Time Out says
The so-real-it-hurts Laura Dern is a cinematic treasure at this point: In Wild, the actor is magically effervescent as a fluky ’70s mom, splashing in puddles with her small children and bravely facing abandonment, money woes and illness. She’s the soul of the film, and her cracked smile wrecks you even when her dialogue suggests a dumber target audience. “I was never in the driver’s seat of my life,” she murmurs, one of her many huggable moments.
Unfortunately for us, Dern—only seen in flashback—isn’t the main character. Reese Witherspoon seizes onto the role of daughter Cheryl Strayed, spiritually broken and hiking the Pacific Crest Trail during the summer of 1995, with the talons of a raven looking for shiny objects below. Witherspoon is a seizer in general: Few actors can be as appealingly uptight, and when the part is Election or Legally Blonde (chipper strivers both), she’s perfect.
But Wild’s journeywoman, taken from Strayed’s memoir, feels wrong for her. Cheryl is a heroin addict, a cheater, a promiscuous waitress and a bit of a space-case. Witherspoon can’t be any of these things persuasively, but she can fume at unworkable camping equipment or fumble with her gigantic backpack like a slapstick pro. Her director, Dallas Buyers Club’s Jean-Marc Vallée, pushes her toward thoughtfulness, yet his atmospheric style runs counter to the obvious material. There are highly symbolic mountains to climb, highly symbolic streams to cross.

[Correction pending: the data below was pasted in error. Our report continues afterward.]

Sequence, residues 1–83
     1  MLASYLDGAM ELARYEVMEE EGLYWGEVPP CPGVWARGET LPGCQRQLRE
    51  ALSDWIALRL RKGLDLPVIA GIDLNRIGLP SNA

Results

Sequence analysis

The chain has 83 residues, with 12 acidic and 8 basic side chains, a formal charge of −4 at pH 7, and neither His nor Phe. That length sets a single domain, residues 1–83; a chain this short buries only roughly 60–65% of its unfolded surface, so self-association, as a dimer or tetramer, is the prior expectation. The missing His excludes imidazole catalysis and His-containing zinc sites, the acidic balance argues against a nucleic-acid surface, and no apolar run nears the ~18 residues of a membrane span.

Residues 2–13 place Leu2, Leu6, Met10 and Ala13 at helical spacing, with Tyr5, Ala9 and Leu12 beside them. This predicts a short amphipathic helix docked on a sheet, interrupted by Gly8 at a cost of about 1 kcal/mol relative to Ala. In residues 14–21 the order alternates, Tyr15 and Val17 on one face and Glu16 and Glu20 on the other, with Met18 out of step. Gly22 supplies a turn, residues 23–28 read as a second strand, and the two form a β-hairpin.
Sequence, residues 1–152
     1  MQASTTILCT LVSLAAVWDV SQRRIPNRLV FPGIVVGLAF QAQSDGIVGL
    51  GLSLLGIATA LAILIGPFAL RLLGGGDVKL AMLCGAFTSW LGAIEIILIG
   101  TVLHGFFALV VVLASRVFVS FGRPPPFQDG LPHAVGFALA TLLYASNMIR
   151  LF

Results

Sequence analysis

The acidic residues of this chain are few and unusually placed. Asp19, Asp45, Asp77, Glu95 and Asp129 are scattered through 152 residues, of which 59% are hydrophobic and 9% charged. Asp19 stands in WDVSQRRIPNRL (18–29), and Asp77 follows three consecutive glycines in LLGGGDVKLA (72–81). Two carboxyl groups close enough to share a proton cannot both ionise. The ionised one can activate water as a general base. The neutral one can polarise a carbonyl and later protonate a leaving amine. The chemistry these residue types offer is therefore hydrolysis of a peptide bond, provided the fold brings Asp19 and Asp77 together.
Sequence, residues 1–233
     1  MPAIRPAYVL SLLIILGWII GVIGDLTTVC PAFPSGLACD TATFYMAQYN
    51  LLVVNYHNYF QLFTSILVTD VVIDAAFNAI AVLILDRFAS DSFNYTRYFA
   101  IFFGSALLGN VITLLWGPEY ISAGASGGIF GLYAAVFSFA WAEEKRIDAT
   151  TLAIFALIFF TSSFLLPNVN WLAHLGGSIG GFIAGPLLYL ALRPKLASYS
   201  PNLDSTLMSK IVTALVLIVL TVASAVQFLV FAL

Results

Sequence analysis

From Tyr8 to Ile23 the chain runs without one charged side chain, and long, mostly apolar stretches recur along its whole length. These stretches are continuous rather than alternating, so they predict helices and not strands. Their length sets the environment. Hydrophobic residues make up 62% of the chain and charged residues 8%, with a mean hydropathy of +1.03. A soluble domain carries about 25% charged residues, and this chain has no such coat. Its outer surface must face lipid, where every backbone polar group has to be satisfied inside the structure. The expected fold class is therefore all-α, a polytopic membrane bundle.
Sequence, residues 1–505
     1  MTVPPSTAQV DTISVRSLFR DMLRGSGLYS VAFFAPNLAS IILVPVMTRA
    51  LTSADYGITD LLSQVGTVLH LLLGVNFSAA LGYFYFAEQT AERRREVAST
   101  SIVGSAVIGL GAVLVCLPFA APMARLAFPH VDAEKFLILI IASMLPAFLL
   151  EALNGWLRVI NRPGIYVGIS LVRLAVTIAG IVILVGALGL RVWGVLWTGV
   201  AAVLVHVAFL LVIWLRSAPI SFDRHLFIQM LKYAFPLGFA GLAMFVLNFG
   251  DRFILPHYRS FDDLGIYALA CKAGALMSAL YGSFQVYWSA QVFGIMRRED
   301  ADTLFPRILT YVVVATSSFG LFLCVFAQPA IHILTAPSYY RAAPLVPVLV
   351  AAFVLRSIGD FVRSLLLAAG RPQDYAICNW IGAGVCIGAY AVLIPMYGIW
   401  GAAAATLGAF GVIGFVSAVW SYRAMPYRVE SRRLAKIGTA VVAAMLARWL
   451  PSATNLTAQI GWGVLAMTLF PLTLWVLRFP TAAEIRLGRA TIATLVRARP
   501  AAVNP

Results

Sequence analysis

Wild works considerably better as a gender drama, as Cheryl comes into contact with different men on the trail, some helpful, others potentially predatory. Each time, her guard rises, and you can actually see a person trying to reprogram bad instincts. In other scenes, a hippyish scent of solidarity is evoked (Jerry Garcia’s August death is commemorated), but it’ll take more than a Bob Marley T-shirt to sell us on the authenticity of this particular hiker, epiphany-bound though she may be.
Follow Joshua Rothkopf on Twitter: @joshrothkopf
Cast and crew